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Flashcards in MCM - Carb Metabolism Deck (182):
1

What chemical reaction do all cells carry out for energy?

Glycolysis

2

What are 3 major monosaccharides that can be used in Glycolysis

Glucose, Fructose, and Galactose

3

Which cell group can only use Glycolysis

Red Blood Cells

4

Whats the brain's primary source of energy when in "fed" state

Glycolysis

5

How does Glucose enter a cell

Through the use of GLUT transporters; facilitated diffusion

6

How many types of GLUT are there for uptake of solely Glucose

GLUT 1, GLUT 2, GLUT 3, GLUT 4

7

GLUT 1 characteristics

Found everywhere, but high concentration in RBC's and Brain; high affinity

8

GLUT 2 Characteristics

Main transport in liver; low affinity. But picks up any source of glucose

9

GLUT 3 Characteristics

Main transporter in neurons; High Affinity

10

GLUT 4 Characteristics

Present in skeletal muscle, heart, adipose tissue; Insulin Dependent

11

Where is GLUT 4 located in the cell

Sequestered in vesicles until insulin is bound

12

What enables GLUT 4

Binding of insulin, which releases GLUT 4 to the plasma membrane

13

Basic Steps of Glycolysis

1 molecule of glucose -> generate 2 molecules of pyruvate; generate 2 ATP; generate 2 NADH

14

Is glycolysis Anaerobic or Aerobic

Anaerobic

15

Where does glycolysis occur in the cell

Cytoplasm

16

First Part of Glycolysis

Phosphorylation of Glucose to Glucose-6 Phosphate by Hexokinase/Glucokinase

17

What main energy source does Glycolysis require

One molecule of ATP

18

Differences between Hexokinase and Glucokinase

Hexokinase is the general enzyme; glucokinase is specific to the liver and pancreatic Beta cells

19

What is the Rate Limiting Step of Glycolysis

The phosphorylation of Fructose-6 Phosphate to Fructose 1,6-biphosphate

20

What enzyme performs the first reaction of Glycolysis

Hexokinase/Glucokinase

21

What enzyme performs the Rate Limiting Step of Glycolysis

Phosphofructokinase-1; PFK-1

22

What does Phosphofructokinase do

Phosphorylates Fructose 6-Phosphate to Fructose 1,6-biphosphate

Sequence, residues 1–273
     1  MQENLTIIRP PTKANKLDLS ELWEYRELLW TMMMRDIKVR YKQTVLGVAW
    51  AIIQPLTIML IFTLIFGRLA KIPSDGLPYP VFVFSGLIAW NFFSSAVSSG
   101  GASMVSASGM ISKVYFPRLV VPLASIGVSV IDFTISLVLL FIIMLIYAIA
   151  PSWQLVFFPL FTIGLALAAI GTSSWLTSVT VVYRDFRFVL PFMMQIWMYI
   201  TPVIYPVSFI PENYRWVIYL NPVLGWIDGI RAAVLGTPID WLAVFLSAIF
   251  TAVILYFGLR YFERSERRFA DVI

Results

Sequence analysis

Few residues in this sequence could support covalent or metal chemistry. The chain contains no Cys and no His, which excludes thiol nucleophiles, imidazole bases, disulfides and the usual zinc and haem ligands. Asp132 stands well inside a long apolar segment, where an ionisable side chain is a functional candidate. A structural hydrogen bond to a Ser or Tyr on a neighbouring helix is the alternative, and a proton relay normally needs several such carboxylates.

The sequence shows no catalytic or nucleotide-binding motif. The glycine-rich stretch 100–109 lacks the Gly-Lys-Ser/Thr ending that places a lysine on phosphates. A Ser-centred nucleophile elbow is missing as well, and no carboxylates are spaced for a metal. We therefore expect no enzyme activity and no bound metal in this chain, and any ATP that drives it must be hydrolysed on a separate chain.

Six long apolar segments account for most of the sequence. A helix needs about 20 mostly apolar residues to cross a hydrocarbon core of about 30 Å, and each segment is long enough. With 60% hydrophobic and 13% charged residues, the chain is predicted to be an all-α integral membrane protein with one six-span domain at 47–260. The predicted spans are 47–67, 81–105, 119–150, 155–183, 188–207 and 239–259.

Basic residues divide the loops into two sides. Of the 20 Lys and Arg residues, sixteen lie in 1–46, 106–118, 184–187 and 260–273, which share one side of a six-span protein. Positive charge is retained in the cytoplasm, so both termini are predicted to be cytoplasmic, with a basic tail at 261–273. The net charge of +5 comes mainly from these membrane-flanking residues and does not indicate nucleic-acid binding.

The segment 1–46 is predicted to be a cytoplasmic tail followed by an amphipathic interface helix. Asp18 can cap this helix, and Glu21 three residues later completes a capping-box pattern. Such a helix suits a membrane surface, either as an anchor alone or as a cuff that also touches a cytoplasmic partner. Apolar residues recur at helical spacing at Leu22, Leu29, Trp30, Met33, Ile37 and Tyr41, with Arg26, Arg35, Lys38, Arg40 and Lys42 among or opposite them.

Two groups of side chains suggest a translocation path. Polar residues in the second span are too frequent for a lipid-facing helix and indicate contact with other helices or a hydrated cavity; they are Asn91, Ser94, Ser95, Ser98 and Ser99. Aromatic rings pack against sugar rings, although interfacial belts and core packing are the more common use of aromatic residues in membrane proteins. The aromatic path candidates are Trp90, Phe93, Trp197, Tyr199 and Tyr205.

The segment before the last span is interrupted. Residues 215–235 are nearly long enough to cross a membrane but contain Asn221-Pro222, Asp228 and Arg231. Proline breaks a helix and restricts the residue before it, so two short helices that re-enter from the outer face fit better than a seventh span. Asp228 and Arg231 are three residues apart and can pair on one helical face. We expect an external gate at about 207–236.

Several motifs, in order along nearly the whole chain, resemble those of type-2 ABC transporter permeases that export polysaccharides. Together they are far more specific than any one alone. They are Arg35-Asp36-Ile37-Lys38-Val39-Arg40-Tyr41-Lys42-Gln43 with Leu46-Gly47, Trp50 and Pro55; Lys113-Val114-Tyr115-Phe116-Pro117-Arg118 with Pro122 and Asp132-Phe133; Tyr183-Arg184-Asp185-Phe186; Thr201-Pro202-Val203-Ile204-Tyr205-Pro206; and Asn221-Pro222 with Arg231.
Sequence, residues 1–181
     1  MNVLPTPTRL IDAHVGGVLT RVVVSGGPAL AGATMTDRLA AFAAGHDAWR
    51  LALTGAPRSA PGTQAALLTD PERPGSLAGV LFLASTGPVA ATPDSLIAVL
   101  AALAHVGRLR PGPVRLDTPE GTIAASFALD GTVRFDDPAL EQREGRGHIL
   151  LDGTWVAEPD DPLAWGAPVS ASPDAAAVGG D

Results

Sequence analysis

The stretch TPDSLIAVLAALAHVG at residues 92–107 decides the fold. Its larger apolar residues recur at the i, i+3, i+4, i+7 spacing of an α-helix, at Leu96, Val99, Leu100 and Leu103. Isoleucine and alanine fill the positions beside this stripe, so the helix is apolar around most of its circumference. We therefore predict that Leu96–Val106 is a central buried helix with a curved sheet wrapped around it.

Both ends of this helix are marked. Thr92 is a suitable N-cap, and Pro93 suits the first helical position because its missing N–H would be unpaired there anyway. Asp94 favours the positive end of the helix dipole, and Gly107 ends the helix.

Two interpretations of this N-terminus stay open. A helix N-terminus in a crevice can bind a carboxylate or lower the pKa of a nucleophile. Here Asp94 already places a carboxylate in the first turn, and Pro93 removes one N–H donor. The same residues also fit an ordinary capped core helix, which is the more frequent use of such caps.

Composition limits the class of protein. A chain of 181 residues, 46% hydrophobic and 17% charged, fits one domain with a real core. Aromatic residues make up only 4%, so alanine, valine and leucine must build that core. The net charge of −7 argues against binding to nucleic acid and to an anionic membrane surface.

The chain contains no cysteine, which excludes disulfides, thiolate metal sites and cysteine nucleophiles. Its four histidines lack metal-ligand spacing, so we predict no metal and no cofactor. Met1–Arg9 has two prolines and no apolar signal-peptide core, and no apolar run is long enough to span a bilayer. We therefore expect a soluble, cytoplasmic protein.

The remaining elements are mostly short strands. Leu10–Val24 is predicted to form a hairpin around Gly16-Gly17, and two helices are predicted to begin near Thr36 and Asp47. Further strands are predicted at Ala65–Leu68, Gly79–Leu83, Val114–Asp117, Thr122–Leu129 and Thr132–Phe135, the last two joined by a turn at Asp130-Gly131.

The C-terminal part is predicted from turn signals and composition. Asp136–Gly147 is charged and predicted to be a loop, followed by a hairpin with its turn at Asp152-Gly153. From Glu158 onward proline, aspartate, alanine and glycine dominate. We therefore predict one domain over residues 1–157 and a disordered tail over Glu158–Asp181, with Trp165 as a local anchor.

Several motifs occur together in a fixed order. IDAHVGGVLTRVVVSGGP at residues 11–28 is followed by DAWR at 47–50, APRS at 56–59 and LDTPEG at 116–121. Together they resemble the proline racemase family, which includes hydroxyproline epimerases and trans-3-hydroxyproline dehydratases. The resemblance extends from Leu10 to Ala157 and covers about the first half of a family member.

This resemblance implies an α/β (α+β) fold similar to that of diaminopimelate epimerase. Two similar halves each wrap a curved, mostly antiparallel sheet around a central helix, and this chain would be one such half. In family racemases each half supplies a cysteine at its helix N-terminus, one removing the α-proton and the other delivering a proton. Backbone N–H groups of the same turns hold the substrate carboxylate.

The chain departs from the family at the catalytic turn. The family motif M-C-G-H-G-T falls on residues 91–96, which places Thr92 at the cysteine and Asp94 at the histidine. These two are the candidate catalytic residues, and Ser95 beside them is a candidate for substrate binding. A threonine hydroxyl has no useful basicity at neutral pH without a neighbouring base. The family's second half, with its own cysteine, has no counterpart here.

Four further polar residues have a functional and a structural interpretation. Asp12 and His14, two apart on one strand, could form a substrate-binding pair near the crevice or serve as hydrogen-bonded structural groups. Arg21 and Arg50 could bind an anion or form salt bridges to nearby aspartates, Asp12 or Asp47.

23

Does Phosphofructokinase use ATP

Yes

24

What does the phosphorylation of G3P produce

One NADH; no use of ATP

25

Where does the first pay off of Glycolysis occur

When G3P is phosphorylated

26

What is the second pay off stage of Glycoysis

Conversion of 1,3-BPG to 3-PG; 2 ATP created

27

What is the third and final pay off stage of Glycolysis

Formation of Pyruvate from Pyruvate Kinase; 2 ATP created; also irreversible

28

What are the 3 pay-off stages of Glycolysis

1. Phosphorylation of G3P; 1 NADH
2. Conversion of 1,3BPG to 3-PG; 2 ATP
3. Formation of Pyruvate; 2 ATP

29

What enzyme phosphorylates Glucose to Glucose 6-Phosphate

Hexokinase (general)/ glucokinase (liver and pancreas)

30

What enzyme Phosphorylates Fructose 6-P to Fructose-1,6- Biphosphate

Phospofructokinase-1

31

Which enzymes in Glycolysis use ATP

Phospofructokinase-1 and Hexokinase (general)/ glucokinase (liver and pancreas)

32

Which enzyme takes 1,3-BPG to 3-phosphogylcerate

Phosphoglycerate Kinase

33

Which enzyme takes Phosphoenolpyruvate to Pyruvate

Pyruvate Kinase

34

Which enzymes in Glycolysis produce ATP via their reaction

Pyruvate Kinase and Phoshoglycerate Kinase

35

Which enzyme takes Glyceraldehyde 3-P to 1,3-Bisphosphoglycerate

Glyceraldehyde 3-P dehydrogenase

36

Which enzyme in Glycolysis produces one NADH

Glyceraldehyde 3-P dehydrogenase

37

What are the three irreversible steps of Glycolysis

1. Hexokinase/Glucokinase (Trap Glucose)
2. Phosphofructokinase (Add another Phosphate)
3. Pyruvate Kinase (Split the 6 Carbon molecule to two 3 carbon molecules)

38

Hexokinase has a low or high affinity

High affinity; binds all glucose

39

Glucokinase has a low or high affintiy

Low affinity

40

What is Hexokinase inhibited by

G6P; the product of this enzymes action

41

What is Glucokinase inhibited by

Nothing really, but Glucagon

42

When is Glucokinase most active

High Glucose

43

Insulin induces the synthesis of

Glucokinase

44

Glucagon inhibits the synthesis of

Glucokinase

45

PFK-1 Activators

AMP, Fructose 2,6-Bisphosphate

46

What makes Fructose 2,6-Bisphosphate

PFK-2

47

PFK-1 Inhibitors

ATP, Citrate (TCA Cycle)

48

When is PFK-1 Activated; when its phosphorylated or dephosphorylated

Dephosphorylated

49

Hormonal Regulation of PFK-1

Glucagon Inhibits; Insulin Activates

50

What activates Pyruvate Kinase

Fructose 1,6-Bisphosphate and Glucagon

51

What inhibits Pyruvate Kinase

ATP, Alanine, and Glucagon

52

High Insulin Effect on Pyruvate Kinase

Stimulates protein phosphatase, dephosphorylation of PK, activate

53

High Glucagon Effect on Pyruvate Kinase

cAMP activates PKA, phosphorylation, PK Inhibited

54

Glucose 6-Phosphate Use in Other Pathways

Precursor for the PPP
Can be converted to Glucose 1-Phosphate
{used in galactose metabolism, glycogen synthesis, ironic acid pathway}

55

Glucose 6-Phosphate's Outcome in the Pentosephosphate Pathway

Ribose and NADPH

56

Use of Ribose

For DNA Synthesis

57

Use of NADPH

Resythesizing Glutathione, a Selenium co-factor for getting rid of Hydrogen Peroxide

58

What are some fates of Pyruvate

1. Reduced to lactate; to regenerate NAD+ in anaerobic conditions
2. Oxidized in TCA cycle to Acetyl CoA and the CO2
3. Converted to Alanine; used in gluconeogenesis and protein synthesis
4. Converted to ethanol

59

Disorders of Glycolysis effect what two areas the most

The brain and the RBC's

60

What do disorders of glycolysis usually cause

hemolytic anemia; because RBC's cannot maintain there molecular gradients

61

Which enzyme is most affected in glyosis disorders

Pyruvate Kinase (95%)

62

What are the 2 types of Diabetes

1. Type 1- autoimmune disorder affecting the Beta Cells of the Pancreas in the Langhorn area